Is Working Less the Right Christian Response to Society’s Over-Work?

“I really try to put away my work phone on the weekends.” “I really want to be fully present with my family this weekend and not focused on work.”

Twice in the past week, I’ve heard these phrases from well-meaning Christians. I’ve also said similar things myself lately. Yet the more I think about our approach to work, the more I realize that our thinking might be flawed.  

As American believers surrounded by a society focused on over-work, we want to stand out. We don’t want to be slaves to our jobs and servants to our paychecks. We want our faith to be central, reflected in all we do. But in our attempts to model a different way, have we swung too far—toward under-work instead?

Consider the Old Testament pattern of work established at creation and woven throughout Israel’s framework. God—and his people—worked six days a week. They set aside the seventh as a sacred day of rest and worship.

If you study much about the culture and circumstances in which Israel lived, you’ll quickly see that most people worked their land from sunup to sundown and beyond. Setting aside a day for Sabbath was truly an act of faith as they trusted that God would multiply their time and grow their crops while they stepped away.

We can look not only at the pattern of work laid out for us in Scripture but also at the practice of work modeled by faithful servants. Consider Moses’ tireless leadership of Israel.  Look at Elijah, brought to the end of himself by exhaustion and despair. Imagine David down in the trenches of war, fighting Israel’s enemies.

In the New Testament, we find Jesus rising earlier in the morning to pray and serving people well past the time when folks usually went home for dinner. We meet Paul, making tents in the day then preaching on the weekends and into the darkest parts of night.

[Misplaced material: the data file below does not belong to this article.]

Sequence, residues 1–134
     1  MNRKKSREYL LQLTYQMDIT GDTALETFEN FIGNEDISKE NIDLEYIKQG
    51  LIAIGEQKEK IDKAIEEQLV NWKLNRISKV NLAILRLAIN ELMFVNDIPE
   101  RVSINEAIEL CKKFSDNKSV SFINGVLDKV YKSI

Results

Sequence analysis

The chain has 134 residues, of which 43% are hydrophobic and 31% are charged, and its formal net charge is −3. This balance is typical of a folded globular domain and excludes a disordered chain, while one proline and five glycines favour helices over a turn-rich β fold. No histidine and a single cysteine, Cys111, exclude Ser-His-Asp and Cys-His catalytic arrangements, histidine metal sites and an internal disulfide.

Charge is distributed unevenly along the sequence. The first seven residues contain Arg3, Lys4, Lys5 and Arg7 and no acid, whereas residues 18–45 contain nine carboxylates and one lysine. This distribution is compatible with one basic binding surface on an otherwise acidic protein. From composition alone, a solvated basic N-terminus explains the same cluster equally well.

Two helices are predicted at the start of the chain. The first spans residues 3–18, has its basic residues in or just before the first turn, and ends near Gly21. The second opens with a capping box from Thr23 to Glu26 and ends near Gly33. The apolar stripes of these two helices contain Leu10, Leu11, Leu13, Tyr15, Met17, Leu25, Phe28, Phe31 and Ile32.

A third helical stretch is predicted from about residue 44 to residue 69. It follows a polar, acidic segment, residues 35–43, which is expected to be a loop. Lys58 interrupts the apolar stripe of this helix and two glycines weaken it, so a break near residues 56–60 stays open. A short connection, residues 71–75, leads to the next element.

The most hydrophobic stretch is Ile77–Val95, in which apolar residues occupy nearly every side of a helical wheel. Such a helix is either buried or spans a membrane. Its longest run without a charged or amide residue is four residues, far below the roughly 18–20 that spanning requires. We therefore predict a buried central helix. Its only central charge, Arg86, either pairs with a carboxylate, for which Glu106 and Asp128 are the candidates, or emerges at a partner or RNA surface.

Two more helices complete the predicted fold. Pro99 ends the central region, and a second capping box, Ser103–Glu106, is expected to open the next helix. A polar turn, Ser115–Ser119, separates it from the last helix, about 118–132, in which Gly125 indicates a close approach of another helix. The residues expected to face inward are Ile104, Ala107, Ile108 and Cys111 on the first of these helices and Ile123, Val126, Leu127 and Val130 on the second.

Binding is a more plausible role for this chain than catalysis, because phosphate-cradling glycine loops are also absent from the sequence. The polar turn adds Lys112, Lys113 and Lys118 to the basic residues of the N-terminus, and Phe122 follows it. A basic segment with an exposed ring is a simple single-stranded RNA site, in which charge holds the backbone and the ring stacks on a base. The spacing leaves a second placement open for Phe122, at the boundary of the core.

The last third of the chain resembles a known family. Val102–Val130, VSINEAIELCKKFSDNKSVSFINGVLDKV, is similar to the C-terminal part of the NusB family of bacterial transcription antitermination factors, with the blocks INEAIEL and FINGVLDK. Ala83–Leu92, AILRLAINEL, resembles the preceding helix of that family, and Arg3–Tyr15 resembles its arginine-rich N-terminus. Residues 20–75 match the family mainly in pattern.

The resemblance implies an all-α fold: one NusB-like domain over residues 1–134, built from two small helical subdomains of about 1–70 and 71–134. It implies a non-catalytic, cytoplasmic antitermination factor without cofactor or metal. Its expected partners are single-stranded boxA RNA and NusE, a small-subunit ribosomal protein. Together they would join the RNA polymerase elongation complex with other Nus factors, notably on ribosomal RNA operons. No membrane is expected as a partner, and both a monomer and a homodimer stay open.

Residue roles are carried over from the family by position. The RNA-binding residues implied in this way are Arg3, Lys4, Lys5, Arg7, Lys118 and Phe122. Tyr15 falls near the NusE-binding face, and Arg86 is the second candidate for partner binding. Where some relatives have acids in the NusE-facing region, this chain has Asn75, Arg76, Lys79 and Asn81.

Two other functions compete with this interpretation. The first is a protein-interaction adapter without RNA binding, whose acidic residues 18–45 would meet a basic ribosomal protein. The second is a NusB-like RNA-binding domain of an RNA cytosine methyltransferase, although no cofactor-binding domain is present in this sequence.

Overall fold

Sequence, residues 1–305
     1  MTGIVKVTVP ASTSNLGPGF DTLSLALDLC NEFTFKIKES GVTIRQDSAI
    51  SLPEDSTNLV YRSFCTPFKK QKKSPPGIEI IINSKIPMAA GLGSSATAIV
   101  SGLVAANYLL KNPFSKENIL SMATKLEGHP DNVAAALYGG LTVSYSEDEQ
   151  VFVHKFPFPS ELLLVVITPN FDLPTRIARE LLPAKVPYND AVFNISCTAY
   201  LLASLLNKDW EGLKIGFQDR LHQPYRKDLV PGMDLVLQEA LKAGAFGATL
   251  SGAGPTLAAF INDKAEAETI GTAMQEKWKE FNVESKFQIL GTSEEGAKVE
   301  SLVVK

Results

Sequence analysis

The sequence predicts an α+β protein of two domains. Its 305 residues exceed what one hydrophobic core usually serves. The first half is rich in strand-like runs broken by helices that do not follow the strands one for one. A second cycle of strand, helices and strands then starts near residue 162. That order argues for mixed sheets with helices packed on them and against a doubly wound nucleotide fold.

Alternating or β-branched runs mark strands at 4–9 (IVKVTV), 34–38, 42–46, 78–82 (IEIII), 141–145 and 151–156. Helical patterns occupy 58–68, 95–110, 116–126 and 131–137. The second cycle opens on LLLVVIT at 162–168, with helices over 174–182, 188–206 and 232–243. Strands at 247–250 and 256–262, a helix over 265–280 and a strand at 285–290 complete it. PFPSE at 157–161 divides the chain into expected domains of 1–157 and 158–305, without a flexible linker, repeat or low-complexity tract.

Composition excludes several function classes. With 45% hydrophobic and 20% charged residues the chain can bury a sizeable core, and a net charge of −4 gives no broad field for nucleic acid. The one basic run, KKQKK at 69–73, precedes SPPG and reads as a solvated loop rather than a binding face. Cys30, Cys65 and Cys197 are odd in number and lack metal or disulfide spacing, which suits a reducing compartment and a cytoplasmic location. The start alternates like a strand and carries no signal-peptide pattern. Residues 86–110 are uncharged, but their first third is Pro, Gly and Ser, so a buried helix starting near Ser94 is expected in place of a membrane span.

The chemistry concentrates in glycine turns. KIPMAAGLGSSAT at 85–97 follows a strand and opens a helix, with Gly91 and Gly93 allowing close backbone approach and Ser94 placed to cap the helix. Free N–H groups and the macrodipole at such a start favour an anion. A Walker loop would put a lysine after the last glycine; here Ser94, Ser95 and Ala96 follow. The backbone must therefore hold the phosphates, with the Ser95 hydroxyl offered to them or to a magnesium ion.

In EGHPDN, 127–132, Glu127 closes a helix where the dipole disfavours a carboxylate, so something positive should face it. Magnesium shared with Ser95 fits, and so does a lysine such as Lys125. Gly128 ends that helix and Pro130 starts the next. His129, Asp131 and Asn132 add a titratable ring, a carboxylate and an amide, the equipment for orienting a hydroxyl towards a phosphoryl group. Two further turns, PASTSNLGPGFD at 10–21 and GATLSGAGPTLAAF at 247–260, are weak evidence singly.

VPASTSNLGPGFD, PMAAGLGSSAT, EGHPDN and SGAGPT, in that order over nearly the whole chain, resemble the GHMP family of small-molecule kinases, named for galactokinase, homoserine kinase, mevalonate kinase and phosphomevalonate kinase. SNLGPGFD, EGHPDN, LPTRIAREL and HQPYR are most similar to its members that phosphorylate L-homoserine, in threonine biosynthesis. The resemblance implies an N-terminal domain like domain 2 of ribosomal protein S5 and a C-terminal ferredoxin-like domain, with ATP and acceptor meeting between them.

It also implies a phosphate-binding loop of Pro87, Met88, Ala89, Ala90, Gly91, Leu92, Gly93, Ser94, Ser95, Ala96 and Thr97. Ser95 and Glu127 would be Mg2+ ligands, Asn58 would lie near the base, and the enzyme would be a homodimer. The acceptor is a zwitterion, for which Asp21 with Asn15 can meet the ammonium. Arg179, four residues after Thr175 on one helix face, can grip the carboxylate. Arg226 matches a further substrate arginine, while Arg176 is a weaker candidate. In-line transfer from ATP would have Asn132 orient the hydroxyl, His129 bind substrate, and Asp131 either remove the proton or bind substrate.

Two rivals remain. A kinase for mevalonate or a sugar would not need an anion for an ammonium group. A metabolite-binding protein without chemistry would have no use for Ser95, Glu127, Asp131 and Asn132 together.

Did these men believe in Sabbath? Absolutely. All of them practiced the God-directed pattern of work and rest. They stepped away from the crowd. They spent time alone and with their trusted few. They prioritized worship with fellow believers.

But there’s something strikingly absent from their lives too. You don’t find them keeping an eight-to-five schedule with weekends off like the American Dream once promised workers. No, these men met the needs of those around them, however long it took, knowing also that times of solitude and worship were essential for them to continue serving.

Today, we as Christians should do the same. We should set healthy boundaries, spend time with our families, and set aside time for Sabbath. But we should also strive to get our job done regardless of what the time clock tells us. People watch how we work. They see how we serve our church. They notice if we have time for their needs.

May we, as women with numerous roles and responsibilities, rely on God’s grace to do them all well. May we follow Paul’s instruction to workers when he said: “Whatever you do, work heartily, as for the Lord and not for men, knowing that from the Lord you will receive the inheritance as your reward. You are serving the Lord Christ” (Colossians 3:23–24).  

Hard work, not working less, will impact our bosses and influence our friends. So let’s stand out, not for how we don’t work, but for how we do.

Will you join me?

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